Appointment season gets its start
Umbrellas are in demand on rainy days, and shoe stores enjoy brisk business on sunny days. The latest hot business may be flower shops, especially the ones specializing in orchids. The end of the year means promotion announcements, and we see cars and bikes everywhere delivering orchid pots with celebratory ribbons. Those who are promoted to powerful positions receive so many flowers and potted plants that they cannot find space to display them all.
The HR announcement sections in newspapers are filled with promotion notices. It is the regular promotion season for various government offices, public corporations and private companies, but this year’s presidential election has really brought on a surge. HR managers at agencies and organizations that have been watching the presidential election closely are making decisions now that the election is over. There were rumors that government offices and some companies that do business with the government were waiting with different promotion options depending on the outcome of the race.
For any organization, success and failure is determined by personnel decisions. Depending on who is employed and promoted to certain positions, the fate of the organization can change. Failing organizations often appoint people based on personal relationships or preferences without taking performance or competence into account. Sometimes, the one with the decision-making power is influenced by those close to him or he or she makes a decision based solely on a narrow evaluation. Also, some promotions are made routinely based on the number of years someone has served in a company. The leader who understands the “Peter Principle,” which says that “employees tend to rise to their level of incompetence,” would not make a mistake of filling the upper management with incompetents.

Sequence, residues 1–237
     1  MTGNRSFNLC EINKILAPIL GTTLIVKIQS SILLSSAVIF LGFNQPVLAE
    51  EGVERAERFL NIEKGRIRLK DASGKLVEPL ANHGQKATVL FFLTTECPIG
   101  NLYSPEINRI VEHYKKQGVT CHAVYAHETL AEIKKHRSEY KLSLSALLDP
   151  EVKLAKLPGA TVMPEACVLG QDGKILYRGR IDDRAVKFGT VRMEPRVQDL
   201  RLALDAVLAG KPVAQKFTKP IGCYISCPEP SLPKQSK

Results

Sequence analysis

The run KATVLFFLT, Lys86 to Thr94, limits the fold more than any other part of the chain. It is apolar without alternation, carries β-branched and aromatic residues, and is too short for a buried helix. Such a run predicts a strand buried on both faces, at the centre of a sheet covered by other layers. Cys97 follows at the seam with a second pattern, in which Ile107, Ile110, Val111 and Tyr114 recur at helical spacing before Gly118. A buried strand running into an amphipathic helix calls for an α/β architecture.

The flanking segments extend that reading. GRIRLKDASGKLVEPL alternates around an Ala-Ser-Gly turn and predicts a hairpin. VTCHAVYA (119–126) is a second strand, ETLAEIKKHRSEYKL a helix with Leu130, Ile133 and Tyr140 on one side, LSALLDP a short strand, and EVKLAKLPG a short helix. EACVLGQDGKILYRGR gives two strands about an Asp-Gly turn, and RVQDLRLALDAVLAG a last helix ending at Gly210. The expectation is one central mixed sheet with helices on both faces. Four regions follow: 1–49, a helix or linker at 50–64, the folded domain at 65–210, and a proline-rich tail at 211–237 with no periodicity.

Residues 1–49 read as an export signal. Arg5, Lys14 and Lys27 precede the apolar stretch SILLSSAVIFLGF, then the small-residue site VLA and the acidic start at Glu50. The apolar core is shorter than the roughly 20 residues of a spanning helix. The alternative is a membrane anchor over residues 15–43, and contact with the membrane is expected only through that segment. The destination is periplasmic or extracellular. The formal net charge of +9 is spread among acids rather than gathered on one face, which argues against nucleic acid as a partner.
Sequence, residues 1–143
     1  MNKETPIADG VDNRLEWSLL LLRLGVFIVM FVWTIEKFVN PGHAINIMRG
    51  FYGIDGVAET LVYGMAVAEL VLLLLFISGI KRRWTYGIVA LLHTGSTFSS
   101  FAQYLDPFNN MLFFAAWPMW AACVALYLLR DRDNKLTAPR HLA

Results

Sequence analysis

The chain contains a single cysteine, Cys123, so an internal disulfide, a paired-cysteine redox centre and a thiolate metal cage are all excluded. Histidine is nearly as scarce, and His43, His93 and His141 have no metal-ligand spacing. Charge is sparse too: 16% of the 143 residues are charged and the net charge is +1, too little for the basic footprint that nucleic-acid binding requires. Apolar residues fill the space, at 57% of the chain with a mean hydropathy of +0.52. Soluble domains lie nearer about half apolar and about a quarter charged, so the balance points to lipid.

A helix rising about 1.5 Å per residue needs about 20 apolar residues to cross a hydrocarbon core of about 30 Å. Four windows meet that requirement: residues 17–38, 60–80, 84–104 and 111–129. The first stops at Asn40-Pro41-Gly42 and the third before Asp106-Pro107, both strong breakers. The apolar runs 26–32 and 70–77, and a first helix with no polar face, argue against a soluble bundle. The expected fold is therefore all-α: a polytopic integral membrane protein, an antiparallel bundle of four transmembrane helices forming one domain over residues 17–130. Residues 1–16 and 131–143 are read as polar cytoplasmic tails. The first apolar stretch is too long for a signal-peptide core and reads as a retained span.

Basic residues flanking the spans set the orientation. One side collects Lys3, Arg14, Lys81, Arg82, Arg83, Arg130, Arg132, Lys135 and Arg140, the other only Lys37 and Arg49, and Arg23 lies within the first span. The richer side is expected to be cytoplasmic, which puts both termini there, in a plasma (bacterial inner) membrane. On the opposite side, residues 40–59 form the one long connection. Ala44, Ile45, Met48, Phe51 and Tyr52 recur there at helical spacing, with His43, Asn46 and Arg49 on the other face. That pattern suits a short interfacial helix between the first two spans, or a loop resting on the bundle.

The power of a leader comes from his promotion decisions. The position of presidency is coveted for the power to appoint and promote. There are 7,000 to 10,000 positions that the president of Korea can influence in appointments directly and indirectly. They include the appointments made by the heads of government agencies appointed by the president, the workers at the central government, public corporations and public agencies.
President-elect Park Geun-hye has promised fairness, and her personnel appointments are now being announced. It may be too early, but the public will judge the potential of the Park administration on her decisions. Employing a self-righteous person who is unwilling to listen is like waiting for customers with a rabid dog in front of your shop.
The grand market of presidential appointments opens every five years. Many people are promoting themselves using all the connections they have. The wisdom of this promotion season is to understand one’s own capacity and be free from greed.
* The author is an editorial writer of the JoongAng Ilbo.
by Bae Myung-bok